Causes

Meet LGBT History Month icon Chaz Bono

Chaz Bono, born Chastity Bono, is the only child of American entertainers Sonny and Cher. In 2008 Bono began undergoing gender reassignment procedures, publicly discussing the experience in the Emmy-nominated documentary “Becoming Chaz.” 

Meet LGBT History Month icon Brian Bond

Brian Bond was an executive director of the Victory Fund and, in the Obama administration, became the first openly gay deputy director of the White House Office of Public Engagement.

A Missouri native, Bond got his start in politics as the executive director of the Missouri Democratic Party, where he helped to elect Democrats in local and state elections.

Meet LGBT History Month icon Charles Blow

Charles Blow is an American journalist and a columnist for The New York Times. As the only African-American columnist on the paper’s opinion pages, Blow focuses twice weekly on issues of social justice, race relations and the pitfalls of politics. 

'Pharma Bro' will let you punch him if the price is right

"Pharma Bro" Martin Shkreli will let you punch him if the price is right.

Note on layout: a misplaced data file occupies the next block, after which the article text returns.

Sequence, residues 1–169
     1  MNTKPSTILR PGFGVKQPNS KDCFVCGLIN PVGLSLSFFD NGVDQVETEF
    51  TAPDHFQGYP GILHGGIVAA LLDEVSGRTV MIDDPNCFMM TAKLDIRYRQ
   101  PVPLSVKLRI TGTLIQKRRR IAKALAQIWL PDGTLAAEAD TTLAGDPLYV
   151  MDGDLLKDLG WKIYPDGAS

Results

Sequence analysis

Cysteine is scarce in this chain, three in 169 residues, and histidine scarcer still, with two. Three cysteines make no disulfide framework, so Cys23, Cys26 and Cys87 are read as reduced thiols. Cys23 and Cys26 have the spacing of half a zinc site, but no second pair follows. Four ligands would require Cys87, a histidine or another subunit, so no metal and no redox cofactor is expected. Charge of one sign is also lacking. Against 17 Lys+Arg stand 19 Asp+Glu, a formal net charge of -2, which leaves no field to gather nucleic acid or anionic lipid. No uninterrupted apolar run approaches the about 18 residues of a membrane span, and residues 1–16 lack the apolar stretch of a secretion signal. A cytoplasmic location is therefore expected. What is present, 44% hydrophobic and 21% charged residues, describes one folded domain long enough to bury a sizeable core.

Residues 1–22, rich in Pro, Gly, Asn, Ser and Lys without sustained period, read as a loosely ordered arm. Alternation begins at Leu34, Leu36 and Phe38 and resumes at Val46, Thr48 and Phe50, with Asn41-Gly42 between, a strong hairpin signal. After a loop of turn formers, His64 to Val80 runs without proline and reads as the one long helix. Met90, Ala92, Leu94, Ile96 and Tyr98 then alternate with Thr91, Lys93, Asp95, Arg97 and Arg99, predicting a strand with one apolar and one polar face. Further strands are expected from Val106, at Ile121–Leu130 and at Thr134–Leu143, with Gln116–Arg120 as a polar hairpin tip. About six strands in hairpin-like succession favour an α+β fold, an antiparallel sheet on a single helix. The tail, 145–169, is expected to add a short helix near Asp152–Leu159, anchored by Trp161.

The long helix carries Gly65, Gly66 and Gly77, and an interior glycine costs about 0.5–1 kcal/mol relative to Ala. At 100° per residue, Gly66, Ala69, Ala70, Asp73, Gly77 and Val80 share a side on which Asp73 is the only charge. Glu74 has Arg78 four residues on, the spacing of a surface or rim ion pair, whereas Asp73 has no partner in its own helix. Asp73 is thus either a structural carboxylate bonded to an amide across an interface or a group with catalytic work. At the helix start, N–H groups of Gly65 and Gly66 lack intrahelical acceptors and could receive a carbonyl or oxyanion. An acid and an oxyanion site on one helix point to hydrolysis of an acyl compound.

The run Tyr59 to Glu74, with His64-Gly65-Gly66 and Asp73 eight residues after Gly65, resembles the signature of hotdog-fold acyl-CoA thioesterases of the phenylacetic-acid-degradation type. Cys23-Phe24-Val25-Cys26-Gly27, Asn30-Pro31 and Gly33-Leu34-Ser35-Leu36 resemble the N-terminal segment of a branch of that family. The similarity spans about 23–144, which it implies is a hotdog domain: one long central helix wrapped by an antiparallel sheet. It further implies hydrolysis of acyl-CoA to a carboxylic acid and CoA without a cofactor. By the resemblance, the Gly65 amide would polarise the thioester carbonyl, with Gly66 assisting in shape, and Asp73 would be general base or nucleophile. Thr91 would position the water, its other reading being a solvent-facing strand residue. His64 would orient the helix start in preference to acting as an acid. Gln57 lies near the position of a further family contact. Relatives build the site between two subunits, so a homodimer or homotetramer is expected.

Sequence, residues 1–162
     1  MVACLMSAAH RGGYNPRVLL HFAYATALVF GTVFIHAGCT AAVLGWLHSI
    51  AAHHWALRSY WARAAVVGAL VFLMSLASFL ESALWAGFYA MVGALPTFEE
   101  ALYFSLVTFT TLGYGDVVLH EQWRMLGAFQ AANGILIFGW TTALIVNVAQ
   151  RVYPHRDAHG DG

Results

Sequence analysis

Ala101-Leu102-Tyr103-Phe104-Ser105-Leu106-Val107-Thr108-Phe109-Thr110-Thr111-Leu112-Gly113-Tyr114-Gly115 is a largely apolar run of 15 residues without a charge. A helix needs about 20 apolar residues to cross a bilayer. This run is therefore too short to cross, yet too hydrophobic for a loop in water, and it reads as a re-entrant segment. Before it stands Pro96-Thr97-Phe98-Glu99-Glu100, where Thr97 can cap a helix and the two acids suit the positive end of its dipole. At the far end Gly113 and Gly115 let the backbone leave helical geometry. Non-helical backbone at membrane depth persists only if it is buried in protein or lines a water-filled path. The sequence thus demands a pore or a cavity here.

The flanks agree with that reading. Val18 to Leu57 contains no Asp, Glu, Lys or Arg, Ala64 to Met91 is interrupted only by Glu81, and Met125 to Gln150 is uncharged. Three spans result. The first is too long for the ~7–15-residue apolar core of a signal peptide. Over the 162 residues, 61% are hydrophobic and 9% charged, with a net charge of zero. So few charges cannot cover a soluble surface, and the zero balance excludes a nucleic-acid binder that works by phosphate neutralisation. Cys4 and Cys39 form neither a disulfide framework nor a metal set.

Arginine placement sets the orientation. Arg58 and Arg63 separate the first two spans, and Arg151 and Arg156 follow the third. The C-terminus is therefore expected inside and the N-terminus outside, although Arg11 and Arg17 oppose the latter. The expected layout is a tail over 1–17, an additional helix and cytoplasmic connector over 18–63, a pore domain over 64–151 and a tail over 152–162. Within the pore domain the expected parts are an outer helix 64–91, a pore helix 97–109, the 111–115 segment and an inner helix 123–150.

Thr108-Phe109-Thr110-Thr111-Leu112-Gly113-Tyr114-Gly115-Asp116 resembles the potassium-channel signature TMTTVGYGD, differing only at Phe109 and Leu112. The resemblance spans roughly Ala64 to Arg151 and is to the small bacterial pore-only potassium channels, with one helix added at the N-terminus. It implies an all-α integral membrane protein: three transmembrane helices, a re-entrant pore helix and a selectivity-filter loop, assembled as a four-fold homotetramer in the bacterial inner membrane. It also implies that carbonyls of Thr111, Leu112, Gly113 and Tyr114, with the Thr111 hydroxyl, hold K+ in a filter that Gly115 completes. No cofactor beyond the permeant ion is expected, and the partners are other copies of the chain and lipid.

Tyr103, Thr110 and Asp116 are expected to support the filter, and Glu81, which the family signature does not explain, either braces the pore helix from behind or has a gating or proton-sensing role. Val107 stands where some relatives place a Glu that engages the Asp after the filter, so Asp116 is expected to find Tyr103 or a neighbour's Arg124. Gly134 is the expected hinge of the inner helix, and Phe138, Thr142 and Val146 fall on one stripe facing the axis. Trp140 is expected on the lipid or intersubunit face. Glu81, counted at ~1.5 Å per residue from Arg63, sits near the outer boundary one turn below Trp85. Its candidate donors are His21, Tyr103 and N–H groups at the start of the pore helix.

You may remember Martin Shkreli, or the “Pharma Bro” who purchased the rights to Daraprim, a drug that helps treat people with HIV, then hiked the cost from $13 to $750.

He is now actively involved in a fundraiser he started which will allow the highest bidder to punch him or slap him directly in the face.

'Don’t Ask Don’t Tell' is still destroying lives

For 17 years, DADT provided the military with a powerful weapon to silence and retaliate against male service members who were sexually assaulted.

September 20 marks five years since Congress repealed “Don’t Ask, Don’t Tell” (DADT). Under DADT, openly gay and lesbian people were barred from military service.

Those already in the military but found to “demonstrate a propensity or intent to engage in homosexual acts” were expelled.